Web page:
The food products prices underpinning this deceleration in inflation are bread and cereals, meat, fruit, and vegetables. For the first eleven months, consumer food price inflation averaged 6.5% (compared with 4.6% year-on-year in 2020). The high grains, vegetable oils and meat for much of the past few months were the primary drivers of the consumer food price inflation.
As we set out in the previous note, while we expect consumer food price inflation to continue to slow into 2022, we no longer think this will be significant. Meat, which decelerated somewhat in November, along with oils and fats, will likely remain at fairly higher levels for some time, thus countering the potential decline in various products such as 'bread and cereals' and 'vegetables'.
For example, the cattle slaughtering activity remain at relatively lower levels compared to 2020, and this could provide mild upward pressures for meat price inflation in the near term. In September 2021, cattle slaughtering activity was down 3% year-on-year, with 212750 head slaughtered. The livestock industry is still in the herd-rebuilding process that we have been in since the drought of 2015-16. Moreover, the excellent performance in crops production in the 2020/21 season may have helped provide some financial breathing room for some diversified farmers to rebuild herds rather than sell more meat to the domestic market.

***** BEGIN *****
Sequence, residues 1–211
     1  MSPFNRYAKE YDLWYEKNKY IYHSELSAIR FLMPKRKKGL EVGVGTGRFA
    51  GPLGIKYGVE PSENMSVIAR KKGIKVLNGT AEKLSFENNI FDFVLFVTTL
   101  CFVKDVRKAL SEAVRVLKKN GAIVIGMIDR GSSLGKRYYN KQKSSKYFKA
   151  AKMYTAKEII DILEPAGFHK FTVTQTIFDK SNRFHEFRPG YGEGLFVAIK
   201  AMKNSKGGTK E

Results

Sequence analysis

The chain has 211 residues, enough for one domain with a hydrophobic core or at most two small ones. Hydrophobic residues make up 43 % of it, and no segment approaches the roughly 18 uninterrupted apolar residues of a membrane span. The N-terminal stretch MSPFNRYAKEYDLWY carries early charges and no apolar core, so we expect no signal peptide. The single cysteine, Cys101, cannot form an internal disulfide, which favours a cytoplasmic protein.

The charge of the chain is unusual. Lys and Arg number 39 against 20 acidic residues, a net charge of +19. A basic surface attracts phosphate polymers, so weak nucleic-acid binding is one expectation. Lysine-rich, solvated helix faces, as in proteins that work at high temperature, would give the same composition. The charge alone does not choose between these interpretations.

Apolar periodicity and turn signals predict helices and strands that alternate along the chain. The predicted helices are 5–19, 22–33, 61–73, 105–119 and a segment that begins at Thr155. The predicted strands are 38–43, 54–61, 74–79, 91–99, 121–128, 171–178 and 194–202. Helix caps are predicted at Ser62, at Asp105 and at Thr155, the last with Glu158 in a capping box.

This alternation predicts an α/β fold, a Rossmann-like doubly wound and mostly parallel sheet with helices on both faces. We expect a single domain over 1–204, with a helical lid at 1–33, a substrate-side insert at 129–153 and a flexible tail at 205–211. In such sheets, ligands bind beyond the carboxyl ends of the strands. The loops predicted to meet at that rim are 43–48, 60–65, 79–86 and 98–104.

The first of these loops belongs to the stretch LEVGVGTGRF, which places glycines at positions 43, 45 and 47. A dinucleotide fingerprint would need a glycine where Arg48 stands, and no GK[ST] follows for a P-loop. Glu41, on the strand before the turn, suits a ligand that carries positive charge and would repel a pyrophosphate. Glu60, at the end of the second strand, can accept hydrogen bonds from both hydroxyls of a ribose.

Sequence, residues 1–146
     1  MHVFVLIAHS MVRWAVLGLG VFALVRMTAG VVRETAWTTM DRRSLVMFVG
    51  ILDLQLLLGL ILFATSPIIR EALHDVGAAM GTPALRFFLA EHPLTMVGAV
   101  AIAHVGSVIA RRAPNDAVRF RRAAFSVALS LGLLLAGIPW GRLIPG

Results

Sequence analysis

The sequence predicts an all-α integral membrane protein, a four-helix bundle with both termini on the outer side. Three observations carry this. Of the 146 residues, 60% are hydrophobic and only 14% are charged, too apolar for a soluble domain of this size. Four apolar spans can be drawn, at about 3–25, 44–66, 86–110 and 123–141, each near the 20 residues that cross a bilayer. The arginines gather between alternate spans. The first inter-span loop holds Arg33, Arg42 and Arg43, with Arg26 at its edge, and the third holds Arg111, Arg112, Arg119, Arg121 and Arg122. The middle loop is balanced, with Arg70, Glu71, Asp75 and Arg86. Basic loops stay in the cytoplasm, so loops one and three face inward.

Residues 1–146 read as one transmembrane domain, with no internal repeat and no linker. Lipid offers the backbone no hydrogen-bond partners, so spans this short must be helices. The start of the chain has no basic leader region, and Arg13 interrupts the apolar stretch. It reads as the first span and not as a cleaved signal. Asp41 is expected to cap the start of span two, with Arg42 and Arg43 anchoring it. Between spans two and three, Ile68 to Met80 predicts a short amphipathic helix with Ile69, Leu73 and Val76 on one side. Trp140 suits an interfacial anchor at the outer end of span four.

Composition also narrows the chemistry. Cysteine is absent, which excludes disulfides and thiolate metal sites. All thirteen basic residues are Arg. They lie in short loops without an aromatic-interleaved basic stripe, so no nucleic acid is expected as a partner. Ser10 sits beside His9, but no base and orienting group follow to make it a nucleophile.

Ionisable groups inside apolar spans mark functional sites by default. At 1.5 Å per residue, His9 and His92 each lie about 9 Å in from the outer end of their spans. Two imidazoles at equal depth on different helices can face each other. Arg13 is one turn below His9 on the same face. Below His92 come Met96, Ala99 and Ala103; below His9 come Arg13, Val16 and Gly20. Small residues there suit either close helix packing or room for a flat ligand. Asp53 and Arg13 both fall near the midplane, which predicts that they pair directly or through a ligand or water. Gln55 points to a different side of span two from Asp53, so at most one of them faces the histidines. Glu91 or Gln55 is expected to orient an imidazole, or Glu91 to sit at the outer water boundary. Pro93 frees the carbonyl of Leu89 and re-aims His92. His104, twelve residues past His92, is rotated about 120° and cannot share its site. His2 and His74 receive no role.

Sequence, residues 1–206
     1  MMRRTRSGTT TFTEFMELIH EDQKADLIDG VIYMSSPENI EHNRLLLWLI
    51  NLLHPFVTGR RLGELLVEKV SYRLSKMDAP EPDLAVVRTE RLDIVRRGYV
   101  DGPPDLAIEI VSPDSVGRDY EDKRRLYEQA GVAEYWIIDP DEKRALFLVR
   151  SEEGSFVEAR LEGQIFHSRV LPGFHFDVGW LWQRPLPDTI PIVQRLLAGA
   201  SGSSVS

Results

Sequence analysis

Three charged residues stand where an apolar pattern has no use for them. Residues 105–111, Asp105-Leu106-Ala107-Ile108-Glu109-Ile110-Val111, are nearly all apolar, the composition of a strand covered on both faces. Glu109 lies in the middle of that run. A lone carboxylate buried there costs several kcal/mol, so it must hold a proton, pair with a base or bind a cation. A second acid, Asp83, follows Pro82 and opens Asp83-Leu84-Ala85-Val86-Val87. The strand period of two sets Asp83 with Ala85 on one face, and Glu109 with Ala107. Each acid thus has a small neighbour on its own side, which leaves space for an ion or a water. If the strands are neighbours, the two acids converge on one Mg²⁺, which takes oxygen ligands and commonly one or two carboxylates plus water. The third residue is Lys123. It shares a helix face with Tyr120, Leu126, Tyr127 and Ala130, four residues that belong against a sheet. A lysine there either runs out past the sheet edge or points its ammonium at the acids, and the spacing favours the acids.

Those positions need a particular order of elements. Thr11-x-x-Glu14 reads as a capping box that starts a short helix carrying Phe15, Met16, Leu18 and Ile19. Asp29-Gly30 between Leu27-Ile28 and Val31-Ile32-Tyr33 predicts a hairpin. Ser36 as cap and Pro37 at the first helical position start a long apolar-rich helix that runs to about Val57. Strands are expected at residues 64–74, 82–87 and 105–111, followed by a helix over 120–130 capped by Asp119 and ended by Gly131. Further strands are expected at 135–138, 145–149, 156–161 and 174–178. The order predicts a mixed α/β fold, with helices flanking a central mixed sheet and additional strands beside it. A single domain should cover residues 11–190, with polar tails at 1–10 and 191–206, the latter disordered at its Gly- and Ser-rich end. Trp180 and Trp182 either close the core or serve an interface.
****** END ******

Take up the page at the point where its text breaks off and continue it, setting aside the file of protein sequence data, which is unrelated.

Additionally, the potential uptick in meat demand during the festive season might also add to the upward price pressures in meat. In addition, South Africa is a net importer of vegetable oils and fats, and these product prices have remained elevated in the global market.